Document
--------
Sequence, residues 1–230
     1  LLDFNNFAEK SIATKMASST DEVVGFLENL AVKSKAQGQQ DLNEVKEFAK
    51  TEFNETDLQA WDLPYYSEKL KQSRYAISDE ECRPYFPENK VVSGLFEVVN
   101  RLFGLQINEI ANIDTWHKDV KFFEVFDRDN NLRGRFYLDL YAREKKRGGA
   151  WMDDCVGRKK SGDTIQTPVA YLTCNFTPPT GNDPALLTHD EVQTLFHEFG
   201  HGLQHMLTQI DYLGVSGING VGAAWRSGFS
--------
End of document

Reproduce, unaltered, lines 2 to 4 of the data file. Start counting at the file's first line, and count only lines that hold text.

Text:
     1  LLDFNNFAEK SIATKMASST DEVVGFLENL AVKSKAQGQQ DLNEVKEFAK
    51  TEFNETDLQA WDLPYYSEKL KQSRYAISDE ECRPYFPENK VVSGLFEVVN
   101  RLFGLQINEI ANIDTWHKDV KFFEVFDRDN NLRGRFYLDL YAREKKRGGA